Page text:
That’s the initial directed approach, but it’s hardly the only one. You could pick off a security guard and walk onto the boat heavily armed without raising suspicion. You could find some rat poison, drop it in the target’s drink, and finish the job while he’s vomiting in the bathroom. You could disguise yourself as the associate, talk to the target, follow him to the solitary meeting spot, and take him out in the most efficient way possible. Or you could just use some explosives.
Those are just a small handful of approaches available in the training mission, which is absolutely tiny compared to the real locations later on. The first “real” mission takes place in Parisian manor converted to host a fashion show, and I spent nearly an hour closely tracking my targets and looking for the best opportunity to strike. That hour went by and the mission was successful, but I can list a bunch of locations I never visited and a bunch of opportunities of opportunities I heard about but didn’t pursue. I finished the level the first time feeling that I’d seen maybe a third of what was available.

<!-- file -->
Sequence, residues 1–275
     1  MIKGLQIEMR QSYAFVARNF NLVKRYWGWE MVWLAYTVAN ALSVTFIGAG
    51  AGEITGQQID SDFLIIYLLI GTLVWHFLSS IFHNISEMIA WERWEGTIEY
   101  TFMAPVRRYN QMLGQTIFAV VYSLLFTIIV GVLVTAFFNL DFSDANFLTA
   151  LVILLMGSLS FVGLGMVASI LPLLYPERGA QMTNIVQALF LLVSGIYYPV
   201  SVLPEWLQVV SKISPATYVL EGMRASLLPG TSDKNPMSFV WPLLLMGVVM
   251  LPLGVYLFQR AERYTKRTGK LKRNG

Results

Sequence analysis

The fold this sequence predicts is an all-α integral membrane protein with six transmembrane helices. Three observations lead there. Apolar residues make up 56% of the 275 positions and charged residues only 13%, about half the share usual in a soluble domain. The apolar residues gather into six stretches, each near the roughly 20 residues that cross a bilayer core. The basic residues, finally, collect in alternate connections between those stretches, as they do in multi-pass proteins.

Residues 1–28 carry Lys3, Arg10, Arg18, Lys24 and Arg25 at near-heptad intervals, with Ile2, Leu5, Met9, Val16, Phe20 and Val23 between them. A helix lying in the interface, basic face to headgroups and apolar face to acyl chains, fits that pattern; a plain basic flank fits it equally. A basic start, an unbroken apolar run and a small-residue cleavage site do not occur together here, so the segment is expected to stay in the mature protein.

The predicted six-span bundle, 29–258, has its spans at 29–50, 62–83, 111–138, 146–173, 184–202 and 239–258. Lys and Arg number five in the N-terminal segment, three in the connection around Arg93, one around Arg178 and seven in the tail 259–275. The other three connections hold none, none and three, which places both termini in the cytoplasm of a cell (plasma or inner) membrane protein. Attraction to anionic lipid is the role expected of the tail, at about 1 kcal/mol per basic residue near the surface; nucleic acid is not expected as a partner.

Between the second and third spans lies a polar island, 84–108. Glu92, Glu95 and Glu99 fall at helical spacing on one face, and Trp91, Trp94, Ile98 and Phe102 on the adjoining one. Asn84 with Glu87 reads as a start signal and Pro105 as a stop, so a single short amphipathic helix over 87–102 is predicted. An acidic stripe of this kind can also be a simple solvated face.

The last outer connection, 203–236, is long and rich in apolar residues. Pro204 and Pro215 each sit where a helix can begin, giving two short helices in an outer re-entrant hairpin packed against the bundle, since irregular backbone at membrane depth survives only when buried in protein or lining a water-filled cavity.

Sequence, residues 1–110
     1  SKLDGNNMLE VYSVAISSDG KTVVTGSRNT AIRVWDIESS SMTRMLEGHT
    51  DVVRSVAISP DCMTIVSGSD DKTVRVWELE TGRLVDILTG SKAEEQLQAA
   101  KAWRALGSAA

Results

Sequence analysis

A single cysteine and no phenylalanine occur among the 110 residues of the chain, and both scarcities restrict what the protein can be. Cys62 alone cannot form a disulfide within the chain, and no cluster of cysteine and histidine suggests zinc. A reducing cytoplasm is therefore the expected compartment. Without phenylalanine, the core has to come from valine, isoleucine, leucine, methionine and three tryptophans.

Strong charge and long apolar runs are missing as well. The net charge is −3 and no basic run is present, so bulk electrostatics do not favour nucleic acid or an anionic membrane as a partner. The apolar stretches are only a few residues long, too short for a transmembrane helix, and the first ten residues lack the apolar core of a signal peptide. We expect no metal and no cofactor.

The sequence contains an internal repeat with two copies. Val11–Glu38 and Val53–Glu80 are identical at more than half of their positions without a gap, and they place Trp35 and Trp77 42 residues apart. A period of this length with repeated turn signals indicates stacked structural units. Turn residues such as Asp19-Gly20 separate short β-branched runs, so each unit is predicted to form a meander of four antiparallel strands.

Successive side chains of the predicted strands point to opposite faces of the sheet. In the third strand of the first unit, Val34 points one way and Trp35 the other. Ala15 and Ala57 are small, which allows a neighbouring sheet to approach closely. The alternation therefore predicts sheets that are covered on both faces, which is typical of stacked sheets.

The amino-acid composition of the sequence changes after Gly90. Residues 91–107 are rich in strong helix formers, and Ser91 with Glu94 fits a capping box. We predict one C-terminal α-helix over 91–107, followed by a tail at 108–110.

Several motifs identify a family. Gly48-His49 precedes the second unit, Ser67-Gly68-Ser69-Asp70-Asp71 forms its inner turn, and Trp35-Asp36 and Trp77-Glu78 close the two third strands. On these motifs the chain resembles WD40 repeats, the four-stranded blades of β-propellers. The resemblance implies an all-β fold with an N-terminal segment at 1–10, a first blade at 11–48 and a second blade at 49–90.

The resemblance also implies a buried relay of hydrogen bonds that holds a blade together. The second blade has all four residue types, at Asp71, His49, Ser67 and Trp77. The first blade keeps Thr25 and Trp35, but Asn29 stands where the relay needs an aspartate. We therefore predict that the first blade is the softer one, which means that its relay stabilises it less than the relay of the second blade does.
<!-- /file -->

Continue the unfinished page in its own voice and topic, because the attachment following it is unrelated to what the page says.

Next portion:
Because of the clockwork nature of the way NPC schedules interact and certain unique assassination options present themselves, they sometimes break if you don’t closely follow the script. This game does a much better job of alleviating that issue by offering a list of challenges that suggest certain ways to tackle your mission and certain unique events that are possible within the level. This doesn’t just turn the game into a list of objectives to follow, though, as the hints are vague enough to force you to explore, and each one in turn spokes off into three or four different ways to proceed. Overhearing certain pieces of dialog will occasionally set you onto more prescribed paths with quest markers and obvious objectives, but these rarely take you as far as the execution itself, and generally serve as a suggestion to get you to a particular room or into a meeting with a particular person.